Wednesday, March 9th, 2011
By Margie Wuebker
Objection raised to Wangler trial witness
  LIMA - Jurors in the aggravated murder case of Dr. Mark Wangler will hear a retired orthopedic surgeon testify regarding a conversation he had with the anesthesiologist in the weeks prior to Kathy Wangler's September 2006 death due to carbon monoxide poisoning.
Day number four of the Allen County Common Pleas Court trial began Tuesday with Wangler's defense team objecting to Dr. David Davis being added to the state's witness list.
Davis reportedly contacted the prosecution in late February prior to the start of jury selection. He claims Wangler spoke to him about suspicions and problems involving his 48-year-old wife, a native of Celina, and dismissed the suggestion of getting a divorce, saying he didn't believe in it.
Lead defense counsel Christopher McDowell objected to the addition of Davis to the witness list, pointing out the man apparently did not remember the conversation of more than four years ago until he read a recent newspaper article.
Judge Richard K. Warren ruled in the state's favor.
"If we lived in a perfect world, we would be provided a list of witnesses and that would be the end," he said. "The state didn't know another witness existed until the weekend leading up to Feb. 28."
Davis is expected to testify later this week. Both doctors at one time worked at the Orthopedic Institute of Ohio in Lima.
  Wangler, who grew up in Fort Recovery, is being tried for aggravated murder of his wife. He claims her death by carbon monoxide poisoning was caused by a water heater malfunctioning.
The prosecution on Tuesday called to the stand scientists who analyzed ductwork which was taken from the Wangler home more than 14 months after Kathy Wangler's death. Tests were conducted at the University of Wisconsin Hygiene Lab, a facility specializing in identifying chemical compounds associated with soot and exhaust.
Scientists Steve Geis and Brandon Shelton detailed the testing procedures at length - highly technical processes aimed at detecting traces of compounds linked to exhaust from a gasoline-powered engine.
Detective Sgt. Fred DePalma from the Allen County Sheriff's Office took the stand and showed a video recording he made at the Wangler home the day after Kathy Wangler's death. The recording, which DePalma admitted was of poor quality, showed the house and the natural gas water heater.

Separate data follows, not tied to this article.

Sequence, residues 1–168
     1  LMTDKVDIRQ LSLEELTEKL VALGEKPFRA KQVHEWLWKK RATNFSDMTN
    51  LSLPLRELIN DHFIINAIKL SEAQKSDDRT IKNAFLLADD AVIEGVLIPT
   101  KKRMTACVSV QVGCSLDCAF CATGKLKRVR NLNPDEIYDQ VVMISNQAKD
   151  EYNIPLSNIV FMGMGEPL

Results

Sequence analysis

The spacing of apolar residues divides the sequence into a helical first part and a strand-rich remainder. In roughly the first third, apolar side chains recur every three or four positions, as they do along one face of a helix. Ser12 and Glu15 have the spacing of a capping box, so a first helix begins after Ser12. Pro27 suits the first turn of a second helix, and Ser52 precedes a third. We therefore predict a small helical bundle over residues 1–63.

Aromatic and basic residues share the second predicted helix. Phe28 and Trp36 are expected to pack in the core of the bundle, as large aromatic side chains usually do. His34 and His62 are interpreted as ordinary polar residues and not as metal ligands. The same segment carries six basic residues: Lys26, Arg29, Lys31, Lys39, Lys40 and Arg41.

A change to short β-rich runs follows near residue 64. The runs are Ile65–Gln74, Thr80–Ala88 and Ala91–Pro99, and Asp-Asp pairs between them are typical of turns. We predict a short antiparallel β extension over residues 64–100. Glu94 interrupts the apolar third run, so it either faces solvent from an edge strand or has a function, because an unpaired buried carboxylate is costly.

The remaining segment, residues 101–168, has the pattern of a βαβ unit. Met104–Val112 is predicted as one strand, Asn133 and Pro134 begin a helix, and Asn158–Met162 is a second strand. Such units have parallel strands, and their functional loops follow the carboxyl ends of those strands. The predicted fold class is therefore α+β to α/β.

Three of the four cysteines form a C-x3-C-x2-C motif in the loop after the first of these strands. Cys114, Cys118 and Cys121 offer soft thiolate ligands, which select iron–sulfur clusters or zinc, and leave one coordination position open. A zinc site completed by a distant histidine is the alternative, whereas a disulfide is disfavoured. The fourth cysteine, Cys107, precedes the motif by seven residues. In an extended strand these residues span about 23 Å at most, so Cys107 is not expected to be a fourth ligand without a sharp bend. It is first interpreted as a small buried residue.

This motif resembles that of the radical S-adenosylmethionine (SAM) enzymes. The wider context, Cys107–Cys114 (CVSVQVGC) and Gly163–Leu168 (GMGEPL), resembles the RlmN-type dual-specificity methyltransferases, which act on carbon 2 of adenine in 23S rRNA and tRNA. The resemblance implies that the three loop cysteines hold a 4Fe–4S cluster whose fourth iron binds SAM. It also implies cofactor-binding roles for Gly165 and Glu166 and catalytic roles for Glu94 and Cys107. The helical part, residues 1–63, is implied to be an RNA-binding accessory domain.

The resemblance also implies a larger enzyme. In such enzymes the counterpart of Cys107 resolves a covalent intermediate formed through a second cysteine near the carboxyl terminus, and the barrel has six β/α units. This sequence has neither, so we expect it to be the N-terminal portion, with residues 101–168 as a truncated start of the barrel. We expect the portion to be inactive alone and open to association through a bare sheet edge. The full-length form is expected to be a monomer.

DePalma's camera focused on a motor home parked on the driveway and two motor vehicles parked inside the attached garage. In addition to spotlighting their exhaust pipes, the detective focused on a portable generator, a snowblower and a lawnmower also located in the garage.
He also brought into court floor registers, various pieces of ductwork, carpet fibers, a garden hose and a collapsible hose from the motor home. DePalma explained other packages brought into court contained new items purchased for comparison purposes and ductwork taken from the former home of Bath Fire Chief Joe Kitchen, who lived in the same neighborhood as the Wanglers.
The detective explained how he pumped exhaust from the motor home and its generator through the hoses during a two-hour process before sending them to the lab for analysis. While picking up a long piece of ductwork, he accidentally knocked over a water pitcher on the defense table. The judge quickly called a brief recess so Wangler and his attorneys could mop up the mess.
During cross examination, McDowell reminded jurors the ductwork had been cleaned and sanitized in the weeks following Kathy Wangler's death. He questioned DePalma at length whether the items he collected had been exposed to automobile emissions during transport to the sheriff's office evidence room and to the Wisconsin laboratory.
He also questioned Shelton at length about apparent mistakes the chemist crossed out in a laboratory notebook, asking specifically whether an undiscovered error could affect test results. Shelton responded affirmatively.
The trial was to resume this morning with more testimony involving testing of the ductwork, with another University of Wisconsin expert expected to confirm the presence of trace compounds related to engine exhaust.
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